By Richard Winters
My Rating: 4 out of 10
4-Word Review: Guys addicted to gambling.
There is a scene in The Gambler, which is a similar movie to this one and came out around the same time, where actor James Caan’s character is on the beach with his mother. He writes in the sand $44,000. This is the amount he owes in gambling debt and the amount he needs from her. He can’t bring himself to ask her directly so he writes it instead. His mother gasps when she sees the amount and then asks “How is such a thing possible?!” It is for that reason that making a movie about someone with a gambling addiction is so intriguing. What exactly is it that could propel someone to act so foolishly with their money? Unfortunately both films promised a lot, but delivered little. Worse yet both are uninvolving and boring.
In this case the film fails to ever get inside the character’s heads. We have no idea what personality traits a gambler may have nor their background or relationships. We simply see two rather bland middle-aged men getting together and going through their gambling paces. Apparently the idea was to show a gambler doing his thing and hope to find some ‘truth’ from it. Well it doesn’t work. It’s tantamount to a novice writer scribbling out some rambling prose and hoping to get a story. It all just proves that the filmmakers have no more insight into this phenomenon than anyone else.
Director Robert Altman seems more interested in keeping things light and entertaining. Normally his eccentric touches help compliment the film, but here it gets in the way. For example there is a long drawn out scene featuring Bert Remsen’s character that likes to dress up like a woman that is completely unnecessary and bogs everything down.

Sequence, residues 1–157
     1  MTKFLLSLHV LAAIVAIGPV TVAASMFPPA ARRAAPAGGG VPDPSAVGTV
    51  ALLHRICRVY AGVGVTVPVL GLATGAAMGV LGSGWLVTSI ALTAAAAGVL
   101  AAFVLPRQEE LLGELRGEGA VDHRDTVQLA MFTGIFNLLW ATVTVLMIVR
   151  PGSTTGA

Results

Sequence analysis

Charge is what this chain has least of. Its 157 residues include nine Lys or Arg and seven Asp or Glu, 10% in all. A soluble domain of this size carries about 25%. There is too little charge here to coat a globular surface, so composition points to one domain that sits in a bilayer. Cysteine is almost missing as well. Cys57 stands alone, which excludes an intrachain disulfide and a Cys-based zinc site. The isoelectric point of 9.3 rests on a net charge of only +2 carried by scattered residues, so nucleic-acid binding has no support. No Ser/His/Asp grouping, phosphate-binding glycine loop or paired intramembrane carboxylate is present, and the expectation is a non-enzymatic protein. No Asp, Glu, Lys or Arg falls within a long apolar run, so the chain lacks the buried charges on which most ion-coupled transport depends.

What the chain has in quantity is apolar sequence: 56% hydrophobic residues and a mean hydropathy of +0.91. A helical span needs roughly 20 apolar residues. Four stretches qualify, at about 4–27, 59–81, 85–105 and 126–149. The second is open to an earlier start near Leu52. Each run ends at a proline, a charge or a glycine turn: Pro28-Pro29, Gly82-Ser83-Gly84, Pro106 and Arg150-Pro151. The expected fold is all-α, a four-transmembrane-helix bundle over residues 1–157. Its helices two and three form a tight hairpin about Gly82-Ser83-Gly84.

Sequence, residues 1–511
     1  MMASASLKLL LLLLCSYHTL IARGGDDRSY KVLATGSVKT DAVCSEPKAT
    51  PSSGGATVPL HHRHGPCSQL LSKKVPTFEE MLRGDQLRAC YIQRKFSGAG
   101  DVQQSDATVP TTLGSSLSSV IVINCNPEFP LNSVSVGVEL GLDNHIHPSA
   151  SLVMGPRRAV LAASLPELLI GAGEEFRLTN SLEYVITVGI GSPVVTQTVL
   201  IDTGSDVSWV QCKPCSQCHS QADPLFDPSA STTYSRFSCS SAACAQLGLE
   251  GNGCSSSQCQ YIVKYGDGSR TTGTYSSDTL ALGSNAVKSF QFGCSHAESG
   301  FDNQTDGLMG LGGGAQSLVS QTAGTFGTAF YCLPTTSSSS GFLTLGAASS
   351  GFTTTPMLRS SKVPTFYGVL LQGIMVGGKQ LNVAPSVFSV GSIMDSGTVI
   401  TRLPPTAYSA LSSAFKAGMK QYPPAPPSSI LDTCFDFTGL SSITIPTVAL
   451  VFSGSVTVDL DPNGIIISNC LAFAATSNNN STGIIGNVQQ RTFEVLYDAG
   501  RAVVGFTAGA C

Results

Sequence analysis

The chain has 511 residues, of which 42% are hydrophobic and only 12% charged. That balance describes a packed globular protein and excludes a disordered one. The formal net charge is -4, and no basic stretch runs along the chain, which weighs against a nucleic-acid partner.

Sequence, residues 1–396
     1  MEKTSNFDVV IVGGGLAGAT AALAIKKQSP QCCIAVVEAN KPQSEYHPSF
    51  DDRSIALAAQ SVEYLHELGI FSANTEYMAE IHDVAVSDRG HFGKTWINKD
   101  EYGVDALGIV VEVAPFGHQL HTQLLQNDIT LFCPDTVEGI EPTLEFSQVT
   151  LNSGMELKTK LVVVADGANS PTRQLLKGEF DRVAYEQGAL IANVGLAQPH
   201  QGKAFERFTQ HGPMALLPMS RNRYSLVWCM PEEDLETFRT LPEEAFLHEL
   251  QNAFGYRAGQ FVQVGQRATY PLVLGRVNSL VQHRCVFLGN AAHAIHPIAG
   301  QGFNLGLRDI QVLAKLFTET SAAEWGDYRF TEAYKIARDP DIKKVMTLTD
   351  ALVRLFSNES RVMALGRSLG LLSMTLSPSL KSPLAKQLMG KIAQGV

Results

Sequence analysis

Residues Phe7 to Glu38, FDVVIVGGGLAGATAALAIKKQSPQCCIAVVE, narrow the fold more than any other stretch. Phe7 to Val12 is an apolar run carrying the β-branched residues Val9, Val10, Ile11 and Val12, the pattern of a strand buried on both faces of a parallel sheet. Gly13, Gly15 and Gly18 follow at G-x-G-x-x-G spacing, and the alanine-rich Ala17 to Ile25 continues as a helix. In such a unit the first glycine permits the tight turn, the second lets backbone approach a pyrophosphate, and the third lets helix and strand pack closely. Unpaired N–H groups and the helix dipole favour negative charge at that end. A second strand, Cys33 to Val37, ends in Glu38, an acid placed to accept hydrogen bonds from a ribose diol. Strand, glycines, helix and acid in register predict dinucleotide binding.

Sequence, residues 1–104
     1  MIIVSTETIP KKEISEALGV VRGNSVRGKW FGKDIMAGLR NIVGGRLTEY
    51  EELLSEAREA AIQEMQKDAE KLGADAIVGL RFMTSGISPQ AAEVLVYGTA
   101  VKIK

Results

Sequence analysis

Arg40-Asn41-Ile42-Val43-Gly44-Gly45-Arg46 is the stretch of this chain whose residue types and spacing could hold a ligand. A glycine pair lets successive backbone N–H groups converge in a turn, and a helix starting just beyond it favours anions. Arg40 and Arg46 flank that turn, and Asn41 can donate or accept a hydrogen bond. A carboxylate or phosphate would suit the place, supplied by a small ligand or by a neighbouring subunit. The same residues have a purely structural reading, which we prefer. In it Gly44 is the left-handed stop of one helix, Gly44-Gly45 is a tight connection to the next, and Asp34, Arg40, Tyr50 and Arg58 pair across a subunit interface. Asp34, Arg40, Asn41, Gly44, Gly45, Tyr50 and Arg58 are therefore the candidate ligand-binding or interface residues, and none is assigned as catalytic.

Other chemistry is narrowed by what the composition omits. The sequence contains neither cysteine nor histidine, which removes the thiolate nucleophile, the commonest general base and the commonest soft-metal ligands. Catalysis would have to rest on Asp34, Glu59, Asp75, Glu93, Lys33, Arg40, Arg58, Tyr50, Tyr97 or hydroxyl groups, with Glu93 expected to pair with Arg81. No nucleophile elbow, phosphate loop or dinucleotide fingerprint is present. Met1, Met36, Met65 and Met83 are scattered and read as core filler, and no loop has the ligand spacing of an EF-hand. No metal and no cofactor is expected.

Elliot Gould’s wise guy, wise cracking ways become obnoxious and never once does he come off as a man gripped by an addiction. George Segal shows a little more of an emotional downside, but it seems forced.
The film hits its mark only once and that is when it focuses on a big poker game, played in Reno, by the country’s top players. Listening to Gould describe to Segal all the traits of each player is interesting. It helps show what a psychological game poker really is, but unfortunately it doesn’t get to this part until the very end and then only for a short while.
In the category of ambiance Altman scores as usual. The faces of the people at the casinos are etched in character. You can almost smell the hanging second-hand-smoke and Dorothy Showalter’s brassy, slightly off-key singing gives the soundtrack a distinct flavor.
My Rating: 4 out of 10
Released: August 7, 1974
Runtime: 1Hour 48Minutes
Director: Robert Altman
Studio: Columbia Pictures
Available: DVD, Amazon Instant Video